Money Management

6 Ways to Dig Yourself Out of Holiday Debt

Written by Guest Post

The holidays are done, the gifts have been unwrapped and all you’re left with in the new year is a big fat credit card bill. From gifts to holiday parties to flights to family, it’s easy to spend more than you were anticipating in the span of a few short weeks. But don’t worry — we have the tips and tricks you’ll need to cure your cash flow hangover.

Related article: 6 ways to prevent holiday debt

“If you’re running out of money before you run out of month, you’ve met the debt wall,” says Michael Bovee, who’s worked in debt relief for more than 20 years and is the co-founder of Resolve. Thankfully, there are plenty of ways to dig yourself out of holiday debt. Here are six tried-and-true ideas.

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1. Set a budget

Truth be told, holiday debt isn’t really any different from any other credit card debt you’ve accumulated. And, as a result, the same steps are required to dig yourself out. You’ll need to free up extra cash to put toward your debt, so start by understanding how much money you have coming in and going out each month. Once you have a handle on your spending, you can create a budget that will allow you to trim expenses so you can apply the extra cash towards your holiday debt. 

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2. Get serious about repaying holiday debt

Commit to a debt repayment plan that you’ll hold yourself to each month that allows you to pay more than the minimum toward your debt. That way, you can pay down the debt as quickly as possible and pay as little interest as possible. Bovee recommends debt guru Dave Ramsey’s debt snowball method

How it works: List all your debts from smallest to largest if you’ve accrued holiday debt (or any debt) across multiple credit cards. Focus on paying off the smallest debt first while still paying the minimum on any other credit card balances you have. Once that first debt is paid off, use the money you were paying on the first card and add it to payments on the next card. As you go, your payments will “snowball” into bigger and bigger amounts.

READ  How to Get Out of Debt. The Real Truth.

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3. Consider a balance transfer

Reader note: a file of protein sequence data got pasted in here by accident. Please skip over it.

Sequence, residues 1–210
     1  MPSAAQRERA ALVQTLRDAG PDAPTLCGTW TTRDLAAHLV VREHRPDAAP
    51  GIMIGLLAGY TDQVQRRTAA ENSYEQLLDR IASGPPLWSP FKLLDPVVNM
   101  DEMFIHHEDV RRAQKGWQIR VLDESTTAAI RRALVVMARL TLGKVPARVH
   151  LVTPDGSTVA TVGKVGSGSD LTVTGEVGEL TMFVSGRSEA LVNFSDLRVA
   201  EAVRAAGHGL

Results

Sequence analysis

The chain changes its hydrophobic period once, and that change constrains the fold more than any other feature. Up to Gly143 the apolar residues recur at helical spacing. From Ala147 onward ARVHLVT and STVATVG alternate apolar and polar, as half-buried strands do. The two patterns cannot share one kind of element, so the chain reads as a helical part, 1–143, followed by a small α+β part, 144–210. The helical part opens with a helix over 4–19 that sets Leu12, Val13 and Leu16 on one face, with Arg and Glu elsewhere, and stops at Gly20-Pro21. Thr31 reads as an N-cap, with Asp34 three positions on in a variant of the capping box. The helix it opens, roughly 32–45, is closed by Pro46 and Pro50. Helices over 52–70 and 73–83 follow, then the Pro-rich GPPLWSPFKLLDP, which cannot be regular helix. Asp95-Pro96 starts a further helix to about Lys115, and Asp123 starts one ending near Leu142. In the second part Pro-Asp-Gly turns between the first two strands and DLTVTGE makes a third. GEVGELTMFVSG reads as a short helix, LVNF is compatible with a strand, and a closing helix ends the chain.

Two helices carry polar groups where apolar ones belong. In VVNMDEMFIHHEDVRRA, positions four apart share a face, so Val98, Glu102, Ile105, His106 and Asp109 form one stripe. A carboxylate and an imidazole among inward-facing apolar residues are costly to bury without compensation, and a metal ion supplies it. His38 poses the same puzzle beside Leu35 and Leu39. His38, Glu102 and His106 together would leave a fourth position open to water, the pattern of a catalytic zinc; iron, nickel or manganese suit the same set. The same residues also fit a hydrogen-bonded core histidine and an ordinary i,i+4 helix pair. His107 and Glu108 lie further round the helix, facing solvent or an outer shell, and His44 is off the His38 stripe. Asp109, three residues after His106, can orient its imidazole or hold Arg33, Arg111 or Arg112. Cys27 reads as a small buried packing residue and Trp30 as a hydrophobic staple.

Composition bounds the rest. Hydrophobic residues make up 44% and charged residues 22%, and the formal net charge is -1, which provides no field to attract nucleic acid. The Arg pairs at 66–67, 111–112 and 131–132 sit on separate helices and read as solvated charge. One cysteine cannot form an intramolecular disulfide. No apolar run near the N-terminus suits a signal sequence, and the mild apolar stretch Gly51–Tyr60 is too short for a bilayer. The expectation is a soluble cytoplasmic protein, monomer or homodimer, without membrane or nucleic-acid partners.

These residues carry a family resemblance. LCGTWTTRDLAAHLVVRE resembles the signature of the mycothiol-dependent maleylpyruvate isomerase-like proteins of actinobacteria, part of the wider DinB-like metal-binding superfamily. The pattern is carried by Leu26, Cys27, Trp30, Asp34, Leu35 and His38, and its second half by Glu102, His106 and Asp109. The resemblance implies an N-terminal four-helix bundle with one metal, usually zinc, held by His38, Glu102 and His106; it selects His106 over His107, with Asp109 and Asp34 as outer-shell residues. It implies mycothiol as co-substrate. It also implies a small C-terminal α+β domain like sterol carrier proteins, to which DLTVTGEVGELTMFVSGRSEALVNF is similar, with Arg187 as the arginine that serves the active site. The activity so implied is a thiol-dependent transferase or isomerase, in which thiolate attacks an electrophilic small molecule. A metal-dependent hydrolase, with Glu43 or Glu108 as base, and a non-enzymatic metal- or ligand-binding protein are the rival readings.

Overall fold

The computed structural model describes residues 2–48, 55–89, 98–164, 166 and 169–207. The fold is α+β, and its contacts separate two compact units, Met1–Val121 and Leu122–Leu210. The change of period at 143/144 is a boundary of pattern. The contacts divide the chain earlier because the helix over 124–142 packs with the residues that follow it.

If it makes sense, you may want to consider transferring your holiday debt to a new card that offers an introductory 0% interest rate on balance transfers. That will allow you to pay down your debt interest-free. As long as you pay it off before the offer expires, that is. If you don’t plan on paying it all off, make sure you know what the interest rate will be once the offer expires. Many of these cards also charge balance transfer fees (typically 3 to 5% of the amount you transfer).

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4. Go on a cash diet

If you continue living above your means while trying to pay down your debt, you’re only going to keep the holiday debt hangover going even longer. Instead, vow to stop using your credit cards and switch to cash. This will make it easier for you to stick to your budget (no mindless charging!) and avoid falling back into bad habits.

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5. Talk to your creditors

If you’ve dutifully paid your bills on time in the past (and sometimes even if you haven’t), creditors may be willing to lower your interest rate simply because you ask. While it may not yield a significant savings, any reduction in the interest you have to pay is still less money you have to pony up, so be sure to ask them if they can help reduce your rate. 

Related article: How to negotiate credit card debt settlement by yourself

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6. Pick up a short-time side hustle

According to MagnifyMoney’s holiday debt survey, the average consumer racked up $1,230 in holiday debt at the end of 2018. If you find yourself in the same boat, you may want to consider picking up a temporary second job or side hustle solely to pay down your debt quickly. That can mean a huge cost savings in interest, especially for the 22% of survey respondents who only make minimum payments on their debt, or the 27% who take five months or longer to pay off holiday debt. 

READ  What Are Your Thoughts About Getting Out of My Debt?

“I jump in a lot of Ubers and Lyfts, and I always ask, ‘Hey, what brought you to driving?’” Bovee says. “One driver told me, ‘I’m just trying to pay off my holiday debts. I’ll probably stop when I’m done.’ There’s no shortage of side hustles in this gig economy if you’re motivated to knock down a temporary higher amount of credit card debt after the holidays.” 

Find a gig that works for you and figure out how many hours you’ll need to put in to get out of the red.  




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